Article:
Seven weeks after we celebrate Passover, we arrive at the holiday of Shavuot (literally ‘weeks’). Despite the fact that Shavuot is a major holiday in the Jewish calendar cycle, one of the three pilgrimage festivals (along with Passover and Sukkot), it often passes unnoticed in many American Jewish circles. The holiday is distinguished by it’s many names and varied traditions: Shavuot (from the Biblical commandment to count seven weeks after Passover), Chag ha Katzir (holiday of reaping) from the fact that it celebrates the beginning of the wheat harvest, Chag haBikkurim (holiday of the first fruits), Zman Matan Torateinu (time of the giving of our Torah) and Atzeret (conclusion) referring to the ending of the 49 day period of counting the Omer. For many American Jews, what is most memorable about Shavuot is eating lots of dairy….cheesecake, blintzes, bourekas are on the menu!

Why? Some say it’s because the since Shavuot traditionally celebrates the giving of the Torah, (for this reason many Jews stay up all night studying Torah, in preparation for receiving Torah today) in which a verse from Song of Songs (4:11) compares the Torah to honey and milk—the Torah provides our spiritual nourishment. Some believe that when the Israelites received the Torah at Mt. Sinai they learned about the laws of kashrut (dietary laws) for the first time, and rather than consume the meat that had previously been prepared (not in line with the dietary laws), they ate only dairy foods after the Divine encounter at Sinai. Another idea involves the practice of gematria (each Hebrew letter has a numerical equivalent).  The Hebrew word for milk, chalav, has a numerical value of 40.  This number corresponds to the number of days Moses spent on Mt. Sinai receiving Torah. Shavuot usually occurs in late spring or early summer, which was when, in pre-industrial times, cows would be giving birth and farmers would have a ready supply of milk. For the same reason, spring was the traditional time of year for cheese-making - so farmers could preserve the abundance of milk to last for the rest of the year.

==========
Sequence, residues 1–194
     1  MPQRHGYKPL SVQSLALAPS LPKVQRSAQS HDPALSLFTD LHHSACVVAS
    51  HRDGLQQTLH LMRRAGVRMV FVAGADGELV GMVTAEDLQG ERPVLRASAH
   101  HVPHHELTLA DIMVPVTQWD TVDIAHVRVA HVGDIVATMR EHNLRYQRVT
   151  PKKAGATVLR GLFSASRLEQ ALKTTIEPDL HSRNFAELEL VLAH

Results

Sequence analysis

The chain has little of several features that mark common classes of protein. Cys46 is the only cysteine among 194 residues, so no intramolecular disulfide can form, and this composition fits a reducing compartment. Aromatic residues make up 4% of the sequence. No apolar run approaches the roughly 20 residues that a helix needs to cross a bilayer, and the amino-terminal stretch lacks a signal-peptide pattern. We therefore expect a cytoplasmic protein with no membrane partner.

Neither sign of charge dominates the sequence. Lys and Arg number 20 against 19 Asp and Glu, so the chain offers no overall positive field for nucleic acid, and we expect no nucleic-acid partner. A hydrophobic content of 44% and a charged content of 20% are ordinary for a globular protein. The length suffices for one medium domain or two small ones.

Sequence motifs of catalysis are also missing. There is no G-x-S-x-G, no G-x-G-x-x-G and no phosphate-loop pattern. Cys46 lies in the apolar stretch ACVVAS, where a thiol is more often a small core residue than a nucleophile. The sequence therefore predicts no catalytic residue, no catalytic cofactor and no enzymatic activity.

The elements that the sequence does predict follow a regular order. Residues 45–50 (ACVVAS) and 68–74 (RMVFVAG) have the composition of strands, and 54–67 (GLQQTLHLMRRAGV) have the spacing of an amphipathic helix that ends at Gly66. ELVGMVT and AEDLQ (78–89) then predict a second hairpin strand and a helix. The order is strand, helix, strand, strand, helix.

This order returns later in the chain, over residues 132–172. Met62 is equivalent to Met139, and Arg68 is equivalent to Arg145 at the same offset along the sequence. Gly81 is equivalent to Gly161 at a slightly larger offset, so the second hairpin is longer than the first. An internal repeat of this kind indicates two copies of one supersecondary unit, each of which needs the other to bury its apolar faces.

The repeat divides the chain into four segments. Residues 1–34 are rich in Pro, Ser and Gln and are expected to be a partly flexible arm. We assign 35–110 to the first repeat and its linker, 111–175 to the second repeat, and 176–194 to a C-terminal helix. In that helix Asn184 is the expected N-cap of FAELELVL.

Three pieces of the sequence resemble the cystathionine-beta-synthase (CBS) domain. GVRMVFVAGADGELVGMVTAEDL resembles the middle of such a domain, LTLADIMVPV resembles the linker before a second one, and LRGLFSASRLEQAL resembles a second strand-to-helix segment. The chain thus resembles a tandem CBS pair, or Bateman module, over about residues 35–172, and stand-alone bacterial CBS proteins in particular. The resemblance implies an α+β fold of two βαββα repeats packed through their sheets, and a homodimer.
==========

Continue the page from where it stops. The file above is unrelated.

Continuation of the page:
Whatever the reason for eating dairy on Shavuot, and by whatever name it is called, Shavuot is a happy holiday, where we offer praise and give thanks for the harvest, for our freedom, and for cheesecake.

A Teaching about Compassion and Shavuot

Shlomo Karni of Chavurah Hamidbar shares a teaching about Shavuot, noting that Moses was also given the Oral Law, where "an eye for an eye means monetary compensation.":

The festival of Shavuot ("Weeks") occurs a week of weeks, or forty nine days, after the first day of Pesach. It is one of the three pilgrimage festivals , along with Pesach and Sukkot, when farmers would flock to the Temple in Jerusalem to offer the seasonal produce of their fields. On Shavuot, this included: wheat, barely, vines, figs, pomegranates, olive oil and honey.

After the destruction of the Temple and the exile, the agricultural aspect of these festivals waned and only their religious aspects remained. To this day, though, many Jewish kindergartens, schools, synagogues and homes decorate their rooms with greenery, in symbolic memory of the agricultural aspect of Shavuot. In Israel, some agricultural farms celebrate a secular form of Shavuot, highlighting their achievements in farming during the past year.

Significantly, the religious aspect of all three festivals revolves around the major event in our ancient history, the liberation from slavery in Egypt: Pesach celebrates the Exodus; Shavuot – the giving of the Ten Commandments at Mt. Sinai, and Sukkot ("Booths") – the temporary dwellings of the children of Israel in the desert on their way to the Promised Land.

Remember the phrase, "Zeicher li'yetsiat Mitsrayim", "In memory of the Exodus from Egypt", which appears frequently in our daily, Shabbat and holiday prayers.

Jewish tradition holds that, in addition to the Ten Commandments, Moses also received on Shavuot the rest of the Torah, the so-called Written Law, with its 613 essential religious laws (mitzvot).  

The same tradition holds that Moses was also given the Oral Law, the detailed extensions of these religious laws, found in the rabbinical Talmud literature. For example, "an eye for an eye", is a terse, extremely harsh, law found in the Torah.
The Oral Law expounds it with the detail, "an eye for an eye means monetary compensation," a humane (and binding!) formulation of this law.

Chag Sameach!

Shlomo Karni